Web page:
Comparing Le Tour de France's mountain summits with US mountains
29 Jun 2012
Like most anything else outside the United States, the Le Tour de France is on the metric system. So, when an announcer or website mentions that a summit such as the Col du Grand Colombier is 1501 meters, that translates to 4,921 ft. Even though this is not the highest mountain in Europe, it's 12% grade makes it one of the toughest to climb; Grand Colombier is set for stage 10, Wed. 11 July. In the U. S., this altitude is similar of summits found at the Tennessee—North Carolina border—Mount Cammerer (4,928 feet) and Gregory Bald (4,949 feet).
|Members of the Brotherhood of the Grand Colombier on the Col du Grand Colombier |
Mountains get higher along the Tour's routes. The Col de la Madeleine near Albertville tops out at 2000 meters; that's 6,561 feet, similar to the summit of Mount Le Conte, another mountain in Tennessee.
Other mountains along the route are Port de Lers, 1517 meters (4,977 feet), Col d'Aubisque, 1,709 meters (5,606 feet), and Col de Menté, 1 349 meters (4,425 feet). Again, these are similar to peaks found in Tennessee.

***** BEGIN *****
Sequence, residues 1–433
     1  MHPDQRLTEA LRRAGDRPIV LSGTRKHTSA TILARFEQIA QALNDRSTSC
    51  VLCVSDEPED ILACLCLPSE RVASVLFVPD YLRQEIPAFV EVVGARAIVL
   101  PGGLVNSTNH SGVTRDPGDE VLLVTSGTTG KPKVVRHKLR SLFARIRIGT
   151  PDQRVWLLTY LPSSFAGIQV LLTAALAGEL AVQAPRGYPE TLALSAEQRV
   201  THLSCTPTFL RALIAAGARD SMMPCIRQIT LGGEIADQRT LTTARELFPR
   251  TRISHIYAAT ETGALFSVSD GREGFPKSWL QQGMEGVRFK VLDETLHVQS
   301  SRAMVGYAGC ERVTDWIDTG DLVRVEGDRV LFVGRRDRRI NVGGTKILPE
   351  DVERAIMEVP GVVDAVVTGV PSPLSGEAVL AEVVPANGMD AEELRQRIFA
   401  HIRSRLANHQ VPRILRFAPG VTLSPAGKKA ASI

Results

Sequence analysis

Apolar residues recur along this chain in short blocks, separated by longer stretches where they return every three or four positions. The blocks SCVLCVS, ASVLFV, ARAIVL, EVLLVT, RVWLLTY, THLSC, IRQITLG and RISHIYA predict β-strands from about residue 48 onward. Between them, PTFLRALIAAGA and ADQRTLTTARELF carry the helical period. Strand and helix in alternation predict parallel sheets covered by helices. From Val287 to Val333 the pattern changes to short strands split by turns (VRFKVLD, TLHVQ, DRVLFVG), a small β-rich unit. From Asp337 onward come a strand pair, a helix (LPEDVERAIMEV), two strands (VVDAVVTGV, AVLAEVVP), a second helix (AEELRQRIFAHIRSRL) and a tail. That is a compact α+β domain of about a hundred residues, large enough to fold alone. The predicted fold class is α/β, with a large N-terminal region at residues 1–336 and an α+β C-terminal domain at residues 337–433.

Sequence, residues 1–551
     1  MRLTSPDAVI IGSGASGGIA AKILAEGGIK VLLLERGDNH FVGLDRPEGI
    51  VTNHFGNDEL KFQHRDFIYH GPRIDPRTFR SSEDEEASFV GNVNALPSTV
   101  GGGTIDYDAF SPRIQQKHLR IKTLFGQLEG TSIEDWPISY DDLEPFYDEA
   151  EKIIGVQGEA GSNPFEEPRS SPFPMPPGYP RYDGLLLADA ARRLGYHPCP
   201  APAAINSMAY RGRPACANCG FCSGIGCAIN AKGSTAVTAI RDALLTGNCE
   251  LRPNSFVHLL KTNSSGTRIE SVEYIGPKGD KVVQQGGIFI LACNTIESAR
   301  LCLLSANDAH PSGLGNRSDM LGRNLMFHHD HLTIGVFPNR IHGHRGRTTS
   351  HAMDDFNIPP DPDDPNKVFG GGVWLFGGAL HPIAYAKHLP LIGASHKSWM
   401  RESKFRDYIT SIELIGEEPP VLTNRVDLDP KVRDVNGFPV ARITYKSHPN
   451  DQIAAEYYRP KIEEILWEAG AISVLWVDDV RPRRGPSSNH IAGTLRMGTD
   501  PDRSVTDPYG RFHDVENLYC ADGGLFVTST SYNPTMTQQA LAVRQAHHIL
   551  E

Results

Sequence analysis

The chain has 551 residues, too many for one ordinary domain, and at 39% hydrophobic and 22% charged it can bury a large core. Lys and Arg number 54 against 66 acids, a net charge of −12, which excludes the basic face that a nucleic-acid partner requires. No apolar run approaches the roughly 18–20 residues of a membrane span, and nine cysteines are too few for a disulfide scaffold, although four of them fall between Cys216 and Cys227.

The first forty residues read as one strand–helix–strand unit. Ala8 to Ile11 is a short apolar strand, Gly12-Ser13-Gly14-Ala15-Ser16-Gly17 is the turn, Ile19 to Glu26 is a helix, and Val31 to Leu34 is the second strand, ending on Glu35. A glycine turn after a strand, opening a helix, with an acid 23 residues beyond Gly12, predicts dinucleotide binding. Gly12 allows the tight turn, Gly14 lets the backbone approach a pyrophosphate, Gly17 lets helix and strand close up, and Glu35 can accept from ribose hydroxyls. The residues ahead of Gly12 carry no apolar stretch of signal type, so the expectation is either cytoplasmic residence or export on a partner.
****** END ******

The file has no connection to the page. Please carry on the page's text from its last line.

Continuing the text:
The mountains in the western United States, mostly found in the Rocky Mountains range, tower on upward more so than the mountains found in France. All of the stages of USA Pro Challenge are over a mile high. First stage begins at Durango, elevation 6,512 feet (1,984 meters); this is similar in height as the Col de la Madeleine. Stage 3 at Gunnison, however, is 7,703 feet (2,347 meters). The real topper is Breckenridge, kissing the sky at 9,603 feet (2,926 meters) where oxygen becomes a factor. USA Pro Challenge is deemed as the toughest race in the US.
A map comparison of Grand Colombier and Mount Cammerer